Migraines are one of the most painful chronic conditions to affect both adults and children. Despite the considerable amount of research, the condition remains without a cure and its causes are not entirely understood. The Society of lnterventional Radiology has brought light to an innovative treatment that can reduce the severity of painful episodes instantly and over a long period. Research done in 2015 revealed good efficacy in adults, and now it has been confirmed to work for children and teenagers suffering from migraines as well. Young ones can now enjoy the benefits of the minimally invasive treatment known as sphenopalatine ganglion block (SPG). The treatment promises a substantial life quality improvement.
The SPG procedure consists of the insertion of a small catheter into the nostrils until it reaches the sphenopalatine ganglion, where a local analgesic is administered. The direct action of the analgesic on the ganglion causes a substantial (and instant) pain reduction. The sphenopalatine ganglion is a small cluster of nerves located at the back of the nose. It is believed to be involved in the onset of migraines as well as brain freeze (a type of headache caused by the contact of very cold things such as ice cream with the roof of the mouth). The efficacy of the new procedure lends credibility to the hypothetical role of this ganglion in headache disorders.
Researchers tested the procedure at the Phoenix Children’s Hospital, US. Two hundred minor patients received SPG treatment and indicated their subjective pain levels from 1 to 10 before and after administration. It was found that the procedure reduced pain levels by an average of 2 points. The effects of a single administration are immediate and can last for months.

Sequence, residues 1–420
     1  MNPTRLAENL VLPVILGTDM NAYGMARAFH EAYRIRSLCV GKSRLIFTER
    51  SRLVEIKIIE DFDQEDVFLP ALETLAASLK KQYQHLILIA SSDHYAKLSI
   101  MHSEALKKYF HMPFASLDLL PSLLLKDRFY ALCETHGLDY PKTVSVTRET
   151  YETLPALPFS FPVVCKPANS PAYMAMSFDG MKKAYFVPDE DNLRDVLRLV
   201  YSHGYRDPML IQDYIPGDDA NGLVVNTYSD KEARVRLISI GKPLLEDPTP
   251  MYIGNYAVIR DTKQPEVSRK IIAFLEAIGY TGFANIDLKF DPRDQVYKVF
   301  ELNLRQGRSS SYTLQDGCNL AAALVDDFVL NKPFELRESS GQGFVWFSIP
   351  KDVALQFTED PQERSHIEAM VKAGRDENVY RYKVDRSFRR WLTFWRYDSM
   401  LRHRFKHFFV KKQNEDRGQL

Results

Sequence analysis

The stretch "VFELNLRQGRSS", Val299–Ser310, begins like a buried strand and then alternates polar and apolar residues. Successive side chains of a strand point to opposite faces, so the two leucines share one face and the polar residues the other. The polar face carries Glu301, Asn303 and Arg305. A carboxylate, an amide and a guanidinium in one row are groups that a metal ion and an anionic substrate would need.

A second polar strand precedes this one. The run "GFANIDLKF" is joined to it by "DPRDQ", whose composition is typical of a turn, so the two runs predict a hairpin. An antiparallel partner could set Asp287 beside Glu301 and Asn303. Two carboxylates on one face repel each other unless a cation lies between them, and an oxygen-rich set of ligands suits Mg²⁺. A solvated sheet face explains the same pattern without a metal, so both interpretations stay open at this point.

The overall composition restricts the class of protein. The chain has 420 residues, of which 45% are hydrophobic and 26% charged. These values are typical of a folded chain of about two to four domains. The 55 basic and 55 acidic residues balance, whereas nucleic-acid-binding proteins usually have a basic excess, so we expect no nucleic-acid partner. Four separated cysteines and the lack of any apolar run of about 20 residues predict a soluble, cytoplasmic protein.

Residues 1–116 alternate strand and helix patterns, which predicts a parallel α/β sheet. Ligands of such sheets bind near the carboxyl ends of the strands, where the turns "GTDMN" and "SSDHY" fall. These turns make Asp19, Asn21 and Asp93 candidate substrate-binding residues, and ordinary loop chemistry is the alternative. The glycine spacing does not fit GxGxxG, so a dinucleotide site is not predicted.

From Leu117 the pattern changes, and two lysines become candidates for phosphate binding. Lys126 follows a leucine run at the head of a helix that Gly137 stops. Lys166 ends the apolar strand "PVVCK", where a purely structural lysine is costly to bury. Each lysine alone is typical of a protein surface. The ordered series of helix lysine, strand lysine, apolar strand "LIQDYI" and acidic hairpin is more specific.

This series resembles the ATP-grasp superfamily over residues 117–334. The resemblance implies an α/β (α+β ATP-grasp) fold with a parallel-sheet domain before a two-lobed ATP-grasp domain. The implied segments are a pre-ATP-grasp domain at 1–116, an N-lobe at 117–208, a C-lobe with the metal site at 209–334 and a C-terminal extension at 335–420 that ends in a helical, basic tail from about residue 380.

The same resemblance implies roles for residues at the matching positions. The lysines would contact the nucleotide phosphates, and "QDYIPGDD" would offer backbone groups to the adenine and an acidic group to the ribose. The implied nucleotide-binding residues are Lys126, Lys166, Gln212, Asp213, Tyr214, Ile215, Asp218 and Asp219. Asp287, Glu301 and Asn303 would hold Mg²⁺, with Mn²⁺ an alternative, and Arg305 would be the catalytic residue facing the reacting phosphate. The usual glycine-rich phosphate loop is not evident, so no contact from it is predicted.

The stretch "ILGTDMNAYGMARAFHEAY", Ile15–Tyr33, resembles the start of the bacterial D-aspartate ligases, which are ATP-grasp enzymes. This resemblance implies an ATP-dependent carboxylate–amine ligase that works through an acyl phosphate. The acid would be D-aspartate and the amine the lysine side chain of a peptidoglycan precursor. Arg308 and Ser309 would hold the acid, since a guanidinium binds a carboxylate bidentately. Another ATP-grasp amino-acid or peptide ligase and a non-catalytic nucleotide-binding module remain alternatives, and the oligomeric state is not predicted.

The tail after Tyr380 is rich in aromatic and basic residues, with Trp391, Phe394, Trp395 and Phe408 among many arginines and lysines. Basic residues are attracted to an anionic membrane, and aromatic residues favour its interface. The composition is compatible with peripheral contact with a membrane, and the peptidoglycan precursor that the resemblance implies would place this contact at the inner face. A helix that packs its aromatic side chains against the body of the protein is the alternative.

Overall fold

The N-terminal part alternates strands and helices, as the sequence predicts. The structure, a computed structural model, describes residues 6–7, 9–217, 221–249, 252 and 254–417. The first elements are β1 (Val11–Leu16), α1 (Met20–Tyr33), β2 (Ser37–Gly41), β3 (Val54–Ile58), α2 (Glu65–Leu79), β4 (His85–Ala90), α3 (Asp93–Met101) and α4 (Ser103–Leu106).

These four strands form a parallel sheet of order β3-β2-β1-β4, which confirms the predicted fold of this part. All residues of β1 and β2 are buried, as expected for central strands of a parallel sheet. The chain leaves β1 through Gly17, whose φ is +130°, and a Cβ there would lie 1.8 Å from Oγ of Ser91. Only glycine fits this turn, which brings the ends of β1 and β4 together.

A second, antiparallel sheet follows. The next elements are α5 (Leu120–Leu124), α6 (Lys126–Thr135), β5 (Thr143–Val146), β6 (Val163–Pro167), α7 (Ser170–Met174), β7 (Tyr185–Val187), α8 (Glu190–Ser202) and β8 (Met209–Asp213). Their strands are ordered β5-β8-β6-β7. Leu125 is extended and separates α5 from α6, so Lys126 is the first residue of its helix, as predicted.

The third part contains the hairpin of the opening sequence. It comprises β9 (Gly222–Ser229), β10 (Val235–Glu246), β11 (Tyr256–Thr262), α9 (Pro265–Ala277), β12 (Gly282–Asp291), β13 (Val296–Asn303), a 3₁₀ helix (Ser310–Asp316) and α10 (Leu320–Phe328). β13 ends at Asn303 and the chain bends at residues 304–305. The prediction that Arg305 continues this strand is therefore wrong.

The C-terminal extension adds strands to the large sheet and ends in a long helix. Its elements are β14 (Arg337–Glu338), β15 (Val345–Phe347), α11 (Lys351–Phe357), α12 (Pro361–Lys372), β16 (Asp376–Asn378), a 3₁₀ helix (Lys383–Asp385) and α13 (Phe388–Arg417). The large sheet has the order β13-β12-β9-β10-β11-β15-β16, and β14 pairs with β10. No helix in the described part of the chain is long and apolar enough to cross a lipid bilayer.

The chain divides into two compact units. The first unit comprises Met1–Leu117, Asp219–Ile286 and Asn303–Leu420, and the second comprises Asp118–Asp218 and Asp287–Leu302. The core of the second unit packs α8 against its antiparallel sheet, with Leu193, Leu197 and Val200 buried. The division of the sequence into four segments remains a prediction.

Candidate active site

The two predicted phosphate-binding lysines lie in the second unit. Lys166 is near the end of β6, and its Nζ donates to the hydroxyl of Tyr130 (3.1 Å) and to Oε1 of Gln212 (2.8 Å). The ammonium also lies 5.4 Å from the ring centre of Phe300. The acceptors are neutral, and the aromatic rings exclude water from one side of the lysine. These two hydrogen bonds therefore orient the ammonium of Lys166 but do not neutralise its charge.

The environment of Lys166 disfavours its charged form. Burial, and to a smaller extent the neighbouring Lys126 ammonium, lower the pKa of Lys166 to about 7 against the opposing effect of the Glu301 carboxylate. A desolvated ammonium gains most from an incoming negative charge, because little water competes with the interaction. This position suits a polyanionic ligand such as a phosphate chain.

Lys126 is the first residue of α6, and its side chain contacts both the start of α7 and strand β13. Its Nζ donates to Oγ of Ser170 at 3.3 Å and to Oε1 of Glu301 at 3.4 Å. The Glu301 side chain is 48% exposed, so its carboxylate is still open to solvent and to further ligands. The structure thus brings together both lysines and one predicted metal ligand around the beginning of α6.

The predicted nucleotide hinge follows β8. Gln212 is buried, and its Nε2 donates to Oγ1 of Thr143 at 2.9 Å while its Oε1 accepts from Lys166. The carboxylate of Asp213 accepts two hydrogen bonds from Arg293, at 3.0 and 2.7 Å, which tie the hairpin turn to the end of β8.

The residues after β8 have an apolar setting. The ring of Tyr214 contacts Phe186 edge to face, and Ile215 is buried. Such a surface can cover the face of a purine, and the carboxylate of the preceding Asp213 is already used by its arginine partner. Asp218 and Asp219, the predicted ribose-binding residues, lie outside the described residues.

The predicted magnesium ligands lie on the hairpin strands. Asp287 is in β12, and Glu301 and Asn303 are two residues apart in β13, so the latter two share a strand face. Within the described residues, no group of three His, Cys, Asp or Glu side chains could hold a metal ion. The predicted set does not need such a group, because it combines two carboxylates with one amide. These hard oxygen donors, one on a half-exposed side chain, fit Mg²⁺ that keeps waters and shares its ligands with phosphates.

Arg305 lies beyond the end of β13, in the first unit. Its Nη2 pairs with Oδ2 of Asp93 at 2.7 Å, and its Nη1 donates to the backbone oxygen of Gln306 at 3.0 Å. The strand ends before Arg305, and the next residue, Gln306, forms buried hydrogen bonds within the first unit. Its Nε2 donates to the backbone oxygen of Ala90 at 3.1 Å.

These are promising results for patients desperate for an effective relief method without the complications of drugs. The simplicity of the procedure may also enable adult patients to self-perform it. However, the method is not yet considered a first line of defense against migraines in children.
Those unfortunate who deal with chronic migraines experience a marked degradation of life quality and have to constantly avoid potential triggers. The constant fear and heightened precautions can be stressful in the long run. Conventional drugs – being not effective enough in most cases in the first place – are not without their down sides in the form of side effects and/or potential drug interactions. Therefore, the new SPG treatment comes as a blessing for migraine sufferers and has the right profile to become highly popular as a first line defense against migraines and possibly other headache disorders.